Recently a blogpost did the rounds locally and achieved the rare thing of finding favour both with my Facebook and Twitter circles (over on Google+ people were still watching the tumbleweeds blow by.) The piece was called Bristol, give me a signal and was a poetic journey through one (young? student? hipster?) perspective of the city.
I think it was a lovely bit of writing — there was no shortage of hyperbole and some of the ‘facts’ were less than authentic but I enjoyed it and like so many others I retweeted and shared it widely.
The funny thing is that the author might as well have been writing about a parallel universe version of this city I grew up in. There were touch points I recognised but it was not a world I felt a part of.
My Bristol is the city of the Downs football league. 108 years of people playing football week in, week out on pitches better suited to mountain bikes. Of professional sports teams that perennially under perform and let their long suffering fans down.
A city that came together in disgust when the recipe for a mass produced cider was changed to such an extent that a multi-national company did a U-turn.
It is a city of graffiti as well. But one that pre-dates Banksy learning to use a Stanley knife to cut out a stencil and the declaration of the Peoples Republic of Stokes Croft. The first piece of graffiti I ever saw was just around the corner from the old Children’s Hospital on St. Michaels Hill — the famous ‘Phase 2′ piece by 3D (later of Massive Attack). I was 11 I think. So we have been a city of graffiti for a long time.
Gloucester Road is the centre of my universe. Though until recently I never gave a second thought to the make up of the shops along it (the whole ‘longest strip of independent shops’ thing seemed more interesting before it became a ‘thing’). It is a road that is filled with memories for me and one where I can spend hours mooching about bumping in to people and dropping in to pubs safe in the knowledge I wouldn’t be drinking alone.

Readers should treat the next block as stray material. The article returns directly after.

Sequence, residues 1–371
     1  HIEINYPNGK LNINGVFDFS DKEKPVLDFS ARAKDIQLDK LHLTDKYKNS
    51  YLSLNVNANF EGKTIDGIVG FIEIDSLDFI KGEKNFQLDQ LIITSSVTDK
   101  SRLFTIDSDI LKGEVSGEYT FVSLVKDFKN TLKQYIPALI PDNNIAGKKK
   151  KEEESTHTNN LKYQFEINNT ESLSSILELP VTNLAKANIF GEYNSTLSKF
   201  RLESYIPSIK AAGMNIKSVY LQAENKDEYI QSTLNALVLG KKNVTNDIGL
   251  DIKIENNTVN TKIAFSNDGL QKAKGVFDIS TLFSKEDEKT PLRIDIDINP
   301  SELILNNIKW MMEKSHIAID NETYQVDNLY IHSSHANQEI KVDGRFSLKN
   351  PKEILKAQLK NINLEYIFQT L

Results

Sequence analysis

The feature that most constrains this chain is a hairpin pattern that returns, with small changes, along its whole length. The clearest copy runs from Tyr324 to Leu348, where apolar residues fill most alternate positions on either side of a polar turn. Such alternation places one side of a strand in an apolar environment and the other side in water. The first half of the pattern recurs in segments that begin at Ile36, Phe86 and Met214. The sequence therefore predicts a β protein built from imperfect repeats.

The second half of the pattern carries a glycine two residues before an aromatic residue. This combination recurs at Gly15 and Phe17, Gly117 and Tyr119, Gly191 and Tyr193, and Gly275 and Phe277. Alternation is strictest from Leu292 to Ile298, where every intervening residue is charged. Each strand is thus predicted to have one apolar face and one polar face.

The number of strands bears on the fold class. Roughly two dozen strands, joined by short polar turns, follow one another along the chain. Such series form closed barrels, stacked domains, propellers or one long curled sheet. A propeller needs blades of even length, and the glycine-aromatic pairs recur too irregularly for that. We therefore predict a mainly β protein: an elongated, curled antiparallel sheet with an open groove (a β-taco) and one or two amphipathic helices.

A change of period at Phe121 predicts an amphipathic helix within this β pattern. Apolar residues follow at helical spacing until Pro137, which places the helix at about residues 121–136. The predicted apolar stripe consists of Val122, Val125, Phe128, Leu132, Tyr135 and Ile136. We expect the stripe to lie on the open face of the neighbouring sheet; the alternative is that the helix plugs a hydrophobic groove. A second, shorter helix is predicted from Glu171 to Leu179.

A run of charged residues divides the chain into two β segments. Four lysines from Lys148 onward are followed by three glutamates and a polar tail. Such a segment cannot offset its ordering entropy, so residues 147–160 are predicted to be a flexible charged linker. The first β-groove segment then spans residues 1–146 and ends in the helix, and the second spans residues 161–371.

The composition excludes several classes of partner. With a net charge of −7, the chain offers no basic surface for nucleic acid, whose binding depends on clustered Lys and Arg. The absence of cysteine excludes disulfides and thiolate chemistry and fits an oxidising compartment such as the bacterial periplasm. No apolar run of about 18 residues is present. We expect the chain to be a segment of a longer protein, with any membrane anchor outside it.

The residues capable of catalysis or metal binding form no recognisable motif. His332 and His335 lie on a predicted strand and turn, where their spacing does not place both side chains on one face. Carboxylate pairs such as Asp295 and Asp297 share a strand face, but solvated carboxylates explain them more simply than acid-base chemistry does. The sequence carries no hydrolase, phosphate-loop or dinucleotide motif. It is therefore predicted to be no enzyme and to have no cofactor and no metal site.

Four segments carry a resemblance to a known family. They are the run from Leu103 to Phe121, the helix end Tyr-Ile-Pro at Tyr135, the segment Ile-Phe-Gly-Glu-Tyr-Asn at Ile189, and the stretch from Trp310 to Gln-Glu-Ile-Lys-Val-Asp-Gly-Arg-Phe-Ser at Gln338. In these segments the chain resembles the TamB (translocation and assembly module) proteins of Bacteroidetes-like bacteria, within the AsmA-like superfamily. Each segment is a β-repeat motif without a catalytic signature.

I understand the world moves on but I miss pubs that were for drinking rather than daycare. Gloucester Road morphed from one to the other pretty sharply.
I paid for my first beer in a pub on the Gloc and if I was a betting man (which unlike most of my friends I am not) I would put a large amount of cash on it being where I bought my last as well. My presence might not be quite as ubiquitous in certain pubs as it was in days gone by but that is not to say that couldn’t change if the circumstances presented themselves.
Clifton is for special occasions in the summer and over Christmas. When there are fewer students around and once again Bristolian accents ring out in the bars and restaurants. Or in the past when the Ashton Court festival wasn’t the parody of its self it was in later years and when you could still join the hordes walking over the Suspension Bridge to attend and then staggering back after a few ciders too many later (always a struggle for me as I am terrified of walking across our most famous land mark!).
I went to a terrible school, but one my mother, uncles and aunts all attended before me. I was there surrounded by my cousins and followed by my brother. The school had such a terrible reputation in the end it was knocked down, rebuilt and renamed but for those of us who attended it remains a bond that doesn’t fade even 22 years later. It was the school of the aforementioned 3D and also Roni Size. It was also the school of murderers, drug dealers, car thieves and junkies. Those of us who left and did OK for ourselves despite all that never forget what it was like.
Oh I love the balloons — though I can’t think of anything worse than the ‘Festival’ itself. I love Carnival but avoid the Harbour Festival like it has the plague.
My city ends at Hotwells and the docks. I accept there is life in South Bristol but it is alien to me and I am as likely to visit New York as I am visit North Street.
The thing is I love this city. More than anything. Anywhere. It is the great love of my life and I don’t really ‘work’ anywhere else. The thing I really love about it? That no two people experience it in exactly the same way but that you almost always find some common ground.